13 March 2011

Adelie penguins' underwater life caught on video

Adelie penguins. Photo by Martha de
. Some rights reserved.
ANTARCTICA - Back in 2004, the emperor penguins at "Penguin Ranch" on McMurdo Sound became underwater reporters when, with cameras strapped to their backs, they revealed for the first time a penguin's-eye view of their watery world. Now Adelie penguins are sharing their secret life under the ice as part of a scientific investigation conducted by the National Institute of Polar Research, Japan.

An institute spokesman, Hiroyasu Kumagae, told Reuters, "Fundamentally, Adelie penguins spend much of their lives during the summer under the sea ice, so it's hard for humans to observe them in their natural habitat. ... So the researchers got the idea of putting cameras on the penguins and getting them to act as 'cameramen'."

The Japanese researchers attached tiny (21mm x 80mm) video cameras to the backs of 15 Adelie penguins with special tape. The cameras were set to automatically switch on when the penguins entered the water. Video footage was successfully retrieved from 10 of the "penguin-cams" and it is believed that the footage, which will be available when the researchers return to Japan later in March, will be a world first.

The institute said the images of life under the ice were captured with surprising clarity.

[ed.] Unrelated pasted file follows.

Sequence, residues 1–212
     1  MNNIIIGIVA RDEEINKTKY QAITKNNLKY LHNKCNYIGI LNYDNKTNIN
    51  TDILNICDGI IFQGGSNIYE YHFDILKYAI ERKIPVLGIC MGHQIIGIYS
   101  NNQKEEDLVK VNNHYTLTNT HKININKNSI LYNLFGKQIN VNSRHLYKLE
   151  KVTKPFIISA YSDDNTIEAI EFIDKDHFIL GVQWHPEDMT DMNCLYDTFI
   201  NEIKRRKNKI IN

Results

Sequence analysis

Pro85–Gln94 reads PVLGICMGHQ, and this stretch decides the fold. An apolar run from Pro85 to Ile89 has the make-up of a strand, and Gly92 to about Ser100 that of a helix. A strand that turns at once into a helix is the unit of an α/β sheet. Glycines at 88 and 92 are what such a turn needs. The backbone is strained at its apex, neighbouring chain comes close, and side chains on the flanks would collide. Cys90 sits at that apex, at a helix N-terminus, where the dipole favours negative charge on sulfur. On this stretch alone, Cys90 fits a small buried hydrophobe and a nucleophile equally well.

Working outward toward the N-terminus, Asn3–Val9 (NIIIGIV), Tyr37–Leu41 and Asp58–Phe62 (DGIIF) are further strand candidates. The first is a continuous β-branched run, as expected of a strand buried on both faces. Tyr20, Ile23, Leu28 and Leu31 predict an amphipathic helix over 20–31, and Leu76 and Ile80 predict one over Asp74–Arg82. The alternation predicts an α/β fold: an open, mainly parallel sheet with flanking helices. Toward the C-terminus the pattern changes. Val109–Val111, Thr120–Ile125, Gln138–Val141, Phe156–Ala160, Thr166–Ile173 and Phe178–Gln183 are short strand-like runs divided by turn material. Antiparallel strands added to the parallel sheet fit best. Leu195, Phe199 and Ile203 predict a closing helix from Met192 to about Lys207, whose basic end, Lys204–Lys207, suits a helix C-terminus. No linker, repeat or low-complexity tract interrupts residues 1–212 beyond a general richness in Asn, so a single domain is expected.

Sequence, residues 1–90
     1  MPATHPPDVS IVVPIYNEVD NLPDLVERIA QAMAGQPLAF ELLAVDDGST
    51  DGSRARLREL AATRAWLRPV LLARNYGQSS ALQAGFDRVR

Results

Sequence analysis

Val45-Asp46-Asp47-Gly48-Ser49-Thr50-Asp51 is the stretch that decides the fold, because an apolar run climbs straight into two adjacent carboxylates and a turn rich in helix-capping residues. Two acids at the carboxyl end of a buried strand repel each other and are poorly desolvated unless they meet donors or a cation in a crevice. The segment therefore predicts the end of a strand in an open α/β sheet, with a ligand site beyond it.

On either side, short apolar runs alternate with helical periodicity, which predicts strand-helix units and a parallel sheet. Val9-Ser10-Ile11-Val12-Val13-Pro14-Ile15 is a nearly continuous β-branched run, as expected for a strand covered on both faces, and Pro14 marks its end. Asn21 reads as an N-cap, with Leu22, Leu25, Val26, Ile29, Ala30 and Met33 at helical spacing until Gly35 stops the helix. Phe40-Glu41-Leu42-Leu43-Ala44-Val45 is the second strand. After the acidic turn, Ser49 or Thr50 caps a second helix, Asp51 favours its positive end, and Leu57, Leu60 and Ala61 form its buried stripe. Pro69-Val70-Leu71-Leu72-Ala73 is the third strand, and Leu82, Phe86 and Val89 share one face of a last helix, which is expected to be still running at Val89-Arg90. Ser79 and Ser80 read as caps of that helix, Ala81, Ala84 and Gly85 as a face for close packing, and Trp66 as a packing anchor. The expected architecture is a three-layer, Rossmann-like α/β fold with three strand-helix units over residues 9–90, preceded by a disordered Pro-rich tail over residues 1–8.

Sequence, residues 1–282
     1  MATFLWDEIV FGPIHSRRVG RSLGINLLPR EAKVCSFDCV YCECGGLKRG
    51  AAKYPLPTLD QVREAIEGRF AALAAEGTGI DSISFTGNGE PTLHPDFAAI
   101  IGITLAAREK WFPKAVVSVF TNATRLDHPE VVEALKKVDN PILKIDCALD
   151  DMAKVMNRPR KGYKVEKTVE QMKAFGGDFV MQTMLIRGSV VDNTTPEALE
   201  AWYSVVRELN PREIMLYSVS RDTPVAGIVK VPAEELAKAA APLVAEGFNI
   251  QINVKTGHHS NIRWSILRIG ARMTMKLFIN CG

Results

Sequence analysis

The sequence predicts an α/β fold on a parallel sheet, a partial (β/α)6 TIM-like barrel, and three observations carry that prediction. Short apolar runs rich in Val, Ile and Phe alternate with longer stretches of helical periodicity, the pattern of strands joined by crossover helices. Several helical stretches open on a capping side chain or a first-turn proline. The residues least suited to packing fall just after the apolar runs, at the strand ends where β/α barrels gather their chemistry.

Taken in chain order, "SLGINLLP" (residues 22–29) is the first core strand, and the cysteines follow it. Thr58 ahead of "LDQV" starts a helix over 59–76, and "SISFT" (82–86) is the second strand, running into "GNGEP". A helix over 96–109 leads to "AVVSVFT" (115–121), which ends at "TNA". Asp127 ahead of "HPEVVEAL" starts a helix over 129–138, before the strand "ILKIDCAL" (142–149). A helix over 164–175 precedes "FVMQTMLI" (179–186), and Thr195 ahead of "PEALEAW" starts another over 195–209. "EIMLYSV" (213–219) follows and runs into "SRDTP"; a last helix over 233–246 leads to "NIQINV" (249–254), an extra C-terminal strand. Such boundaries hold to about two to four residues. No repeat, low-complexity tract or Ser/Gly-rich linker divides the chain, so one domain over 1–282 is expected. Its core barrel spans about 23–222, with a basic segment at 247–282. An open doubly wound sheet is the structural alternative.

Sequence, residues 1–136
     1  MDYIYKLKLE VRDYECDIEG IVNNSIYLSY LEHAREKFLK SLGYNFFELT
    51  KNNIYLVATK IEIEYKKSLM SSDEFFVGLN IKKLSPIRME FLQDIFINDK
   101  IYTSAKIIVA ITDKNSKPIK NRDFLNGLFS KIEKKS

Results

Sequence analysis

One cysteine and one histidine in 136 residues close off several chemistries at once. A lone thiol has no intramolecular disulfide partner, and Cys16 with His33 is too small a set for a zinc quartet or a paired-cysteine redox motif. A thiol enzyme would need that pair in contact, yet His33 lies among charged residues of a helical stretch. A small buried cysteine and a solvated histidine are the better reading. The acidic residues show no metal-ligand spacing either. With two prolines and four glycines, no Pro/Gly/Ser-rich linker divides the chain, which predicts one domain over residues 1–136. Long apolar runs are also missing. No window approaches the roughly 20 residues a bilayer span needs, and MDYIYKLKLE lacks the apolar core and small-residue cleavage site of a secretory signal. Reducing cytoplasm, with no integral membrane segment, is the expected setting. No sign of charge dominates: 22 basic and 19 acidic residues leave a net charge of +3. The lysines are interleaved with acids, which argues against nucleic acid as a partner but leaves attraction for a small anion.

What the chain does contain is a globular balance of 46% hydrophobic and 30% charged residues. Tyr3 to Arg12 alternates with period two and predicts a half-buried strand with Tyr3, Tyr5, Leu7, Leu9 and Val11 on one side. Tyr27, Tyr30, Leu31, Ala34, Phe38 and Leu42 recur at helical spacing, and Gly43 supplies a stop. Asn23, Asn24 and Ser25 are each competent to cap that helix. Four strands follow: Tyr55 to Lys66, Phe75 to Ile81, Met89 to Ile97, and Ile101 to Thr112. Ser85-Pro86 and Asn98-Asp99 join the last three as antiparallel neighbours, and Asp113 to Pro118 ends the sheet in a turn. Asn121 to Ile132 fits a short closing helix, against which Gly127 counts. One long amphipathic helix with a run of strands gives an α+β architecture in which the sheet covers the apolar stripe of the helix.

Kumagae assured Reuters that the cameras did not harm the birds. "I think they probably didn't like having the cameras attached very much, though course I don't know how a penguin thinks. It would have felt that it was carrying something but otherwise there was no stress on its body, and its movements were unlimited." 

"Penguin-cam" reveals secrets of life below the ice by Elaine Lies, 8 March 2011, Reuters
"Penguin Ranch" reveals hunting, swimming secrets by James Owen, 30 January 2004, National Geographic News


  1. I love the thought of finding out what penguins truly get up to under the water. But there is bound to be a cost on their behaviour and how they move through the water. Having the camera on their back is surely going to increase drag..... isn't it?

  2. I agree that the cameras probably hinder the penguins, at least a little bit. The cameras only took 90 mins of footage, but the article doesn't say how long the cameras were actually strapped to the penguins for. It's like a human wearing a backpack - you can still move around but not as fast as when you aren't wearing it. I suppose, as with banding, there's always going to be disagreement as to whether the benefits to science outweigh the detriments to penguins ... I'd still like to see the videos though!